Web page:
New treatment tackles costly parasitic disease for freshwater farmed and ornamental fish

Press release: 06 February 2020

A new treatment has been developed for Ichthyophthirius multifiliis, a parasite commonly found in freshwater fish which could save the ornamental and farmed fish industries billions of euro per year.

A compound was first identified by researchers from the EU-funded ParaFishControl project, which examines fish-parasite interactions in aquaculture. Its effectiveness in treating certain parasitic diseases led researchers to submit a patent for the compound.

The treatment was first tested on the I. multifiliis parasite, which causes white spot disease in a range of freshwater fish. The disease is highly damaging for both the ornamental and farmed fish industries due to its high mortality rate.

Ichthyophthirius multifiliis trophonts on a fin of common carp (Photo: C. Székely)

A new company, Sundew, has been founded to further develop and commercialise the compound. The Copenhagen-based SME will facilitate the development of large-scale production and purification of the product, which it has named BIOKOS.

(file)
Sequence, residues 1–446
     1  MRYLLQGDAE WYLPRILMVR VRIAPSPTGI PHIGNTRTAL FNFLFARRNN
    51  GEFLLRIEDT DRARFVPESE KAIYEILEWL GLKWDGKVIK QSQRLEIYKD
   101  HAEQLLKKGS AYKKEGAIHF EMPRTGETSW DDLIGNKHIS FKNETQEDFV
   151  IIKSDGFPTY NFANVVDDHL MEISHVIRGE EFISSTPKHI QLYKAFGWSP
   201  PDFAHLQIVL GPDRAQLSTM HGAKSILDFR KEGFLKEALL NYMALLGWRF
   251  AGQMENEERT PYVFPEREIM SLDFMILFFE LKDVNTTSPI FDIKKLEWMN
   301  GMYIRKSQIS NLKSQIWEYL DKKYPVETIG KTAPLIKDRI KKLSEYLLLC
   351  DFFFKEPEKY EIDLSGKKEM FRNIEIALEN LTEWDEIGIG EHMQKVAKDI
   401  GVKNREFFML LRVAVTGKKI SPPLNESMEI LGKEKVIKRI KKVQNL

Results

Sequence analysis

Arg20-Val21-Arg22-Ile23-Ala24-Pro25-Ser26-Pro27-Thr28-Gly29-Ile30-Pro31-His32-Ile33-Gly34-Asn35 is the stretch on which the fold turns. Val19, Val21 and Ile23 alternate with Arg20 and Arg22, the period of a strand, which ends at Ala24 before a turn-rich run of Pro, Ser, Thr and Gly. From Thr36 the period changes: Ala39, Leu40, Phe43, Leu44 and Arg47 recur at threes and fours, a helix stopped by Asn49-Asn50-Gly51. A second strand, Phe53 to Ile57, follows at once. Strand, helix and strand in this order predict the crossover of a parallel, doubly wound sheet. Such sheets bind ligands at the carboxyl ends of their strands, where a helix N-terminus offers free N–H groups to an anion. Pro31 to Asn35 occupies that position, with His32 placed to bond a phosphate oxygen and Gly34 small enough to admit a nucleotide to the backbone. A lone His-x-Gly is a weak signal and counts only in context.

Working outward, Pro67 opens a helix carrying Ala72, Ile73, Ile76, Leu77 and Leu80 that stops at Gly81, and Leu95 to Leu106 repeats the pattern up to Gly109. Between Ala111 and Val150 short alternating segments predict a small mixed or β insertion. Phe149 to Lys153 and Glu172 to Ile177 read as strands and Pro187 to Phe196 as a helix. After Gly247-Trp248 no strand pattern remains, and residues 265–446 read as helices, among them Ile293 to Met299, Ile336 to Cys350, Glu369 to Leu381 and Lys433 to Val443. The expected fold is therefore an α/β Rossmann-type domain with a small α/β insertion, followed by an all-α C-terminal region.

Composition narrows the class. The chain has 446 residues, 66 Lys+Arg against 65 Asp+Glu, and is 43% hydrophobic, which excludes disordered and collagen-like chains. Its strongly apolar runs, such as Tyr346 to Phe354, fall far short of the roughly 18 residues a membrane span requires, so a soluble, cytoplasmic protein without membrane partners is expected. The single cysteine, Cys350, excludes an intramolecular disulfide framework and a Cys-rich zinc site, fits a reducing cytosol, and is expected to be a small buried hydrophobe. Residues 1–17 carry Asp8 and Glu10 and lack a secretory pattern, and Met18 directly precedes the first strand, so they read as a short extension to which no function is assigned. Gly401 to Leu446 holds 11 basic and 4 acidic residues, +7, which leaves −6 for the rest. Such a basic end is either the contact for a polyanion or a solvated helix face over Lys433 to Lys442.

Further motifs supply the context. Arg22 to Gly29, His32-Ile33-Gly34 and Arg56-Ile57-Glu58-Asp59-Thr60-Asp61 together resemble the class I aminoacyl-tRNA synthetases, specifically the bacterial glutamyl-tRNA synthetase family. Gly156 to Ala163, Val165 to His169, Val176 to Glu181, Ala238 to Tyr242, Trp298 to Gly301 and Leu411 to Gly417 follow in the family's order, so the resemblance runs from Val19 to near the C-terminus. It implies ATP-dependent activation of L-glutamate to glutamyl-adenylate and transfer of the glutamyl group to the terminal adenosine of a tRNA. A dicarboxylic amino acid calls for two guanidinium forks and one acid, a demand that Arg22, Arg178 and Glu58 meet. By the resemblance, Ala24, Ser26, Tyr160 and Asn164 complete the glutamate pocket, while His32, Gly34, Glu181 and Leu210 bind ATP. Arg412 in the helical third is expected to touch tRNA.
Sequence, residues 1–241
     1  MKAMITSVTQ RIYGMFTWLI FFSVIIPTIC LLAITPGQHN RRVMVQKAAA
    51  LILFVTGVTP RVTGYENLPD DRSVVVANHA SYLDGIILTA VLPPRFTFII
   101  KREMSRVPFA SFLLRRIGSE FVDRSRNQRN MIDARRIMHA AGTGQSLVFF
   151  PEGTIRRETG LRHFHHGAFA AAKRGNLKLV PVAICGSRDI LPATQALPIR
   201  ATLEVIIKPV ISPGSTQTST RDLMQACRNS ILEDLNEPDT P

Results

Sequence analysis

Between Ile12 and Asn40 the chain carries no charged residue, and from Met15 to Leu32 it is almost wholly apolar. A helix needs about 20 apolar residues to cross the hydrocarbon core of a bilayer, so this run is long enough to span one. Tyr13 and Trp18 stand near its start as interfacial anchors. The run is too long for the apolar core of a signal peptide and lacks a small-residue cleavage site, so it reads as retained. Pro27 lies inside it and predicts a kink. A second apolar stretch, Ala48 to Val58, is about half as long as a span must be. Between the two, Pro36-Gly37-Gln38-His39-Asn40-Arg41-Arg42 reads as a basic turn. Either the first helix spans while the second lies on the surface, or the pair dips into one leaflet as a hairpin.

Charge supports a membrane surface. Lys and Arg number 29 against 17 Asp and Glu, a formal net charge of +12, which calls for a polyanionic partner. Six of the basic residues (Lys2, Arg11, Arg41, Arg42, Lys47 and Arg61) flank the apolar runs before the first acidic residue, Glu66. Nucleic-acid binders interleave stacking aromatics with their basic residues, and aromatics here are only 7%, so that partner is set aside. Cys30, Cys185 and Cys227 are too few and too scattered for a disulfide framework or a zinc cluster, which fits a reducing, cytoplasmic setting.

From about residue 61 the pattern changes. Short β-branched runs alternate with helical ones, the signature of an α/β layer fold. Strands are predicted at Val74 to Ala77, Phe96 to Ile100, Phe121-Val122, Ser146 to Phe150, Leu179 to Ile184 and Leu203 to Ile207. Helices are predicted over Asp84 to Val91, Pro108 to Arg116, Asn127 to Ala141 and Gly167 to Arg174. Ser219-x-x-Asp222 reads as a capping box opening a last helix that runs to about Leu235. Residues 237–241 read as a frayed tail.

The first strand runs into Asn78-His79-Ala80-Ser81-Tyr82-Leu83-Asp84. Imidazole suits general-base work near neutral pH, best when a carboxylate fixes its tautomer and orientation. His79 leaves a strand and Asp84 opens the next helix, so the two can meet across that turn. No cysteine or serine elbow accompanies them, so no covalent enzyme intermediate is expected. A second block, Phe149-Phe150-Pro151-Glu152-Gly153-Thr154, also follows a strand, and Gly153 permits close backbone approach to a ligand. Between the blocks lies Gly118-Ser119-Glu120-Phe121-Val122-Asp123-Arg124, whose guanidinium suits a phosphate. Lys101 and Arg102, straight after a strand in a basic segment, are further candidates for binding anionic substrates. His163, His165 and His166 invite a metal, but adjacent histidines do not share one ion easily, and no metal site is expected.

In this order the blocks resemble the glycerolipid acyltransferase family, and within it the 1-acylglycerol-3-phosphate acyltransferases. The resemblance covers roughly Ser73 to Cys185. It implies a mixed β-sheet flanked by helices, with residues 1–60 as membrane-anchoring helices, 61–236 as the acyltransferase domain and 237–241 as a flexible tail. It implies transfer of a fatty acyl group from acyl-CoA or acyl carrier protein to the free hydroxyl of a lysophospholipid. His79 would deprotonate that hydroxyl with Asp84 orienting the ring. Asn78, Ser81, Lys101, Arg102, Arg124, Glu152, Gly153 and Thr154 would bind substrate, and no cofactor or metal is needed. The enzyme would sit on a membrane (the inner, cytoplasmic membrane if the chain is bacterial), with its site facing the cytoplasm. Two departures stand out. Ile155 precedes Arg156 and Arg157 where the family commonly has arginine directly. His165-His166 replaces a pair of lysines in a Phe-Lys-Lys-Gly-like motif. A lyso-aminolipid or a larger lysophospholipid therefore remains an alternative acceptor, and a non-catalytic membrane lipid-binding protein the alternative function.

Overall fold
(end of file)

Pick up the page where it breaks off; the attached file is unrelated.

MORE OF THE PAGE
The need for new treatments arose following the ban of malachite green, which was found to be carcinogenic and genotoxic. No other compound to date has been as effective for control of the infection.

Sundew owners are hopeful that BIOKOS will be in high demand in both the aquaculture and ornamental production markets. Aquaculture production alone is valued at over €5 billion per year in the EU.

This new treatment, and many other results originating from the past five years of research within ParaFishControl, will be presented at the project’s Final Conference “Innovative Strategies to Control Parasites in Aquaculture Farms” in Brussels on 11 March 2020. For further information and to register, please visit

To learn more about ParaFishControl, please visit the website at, or follow the project on Twitter @ParaFishControl.

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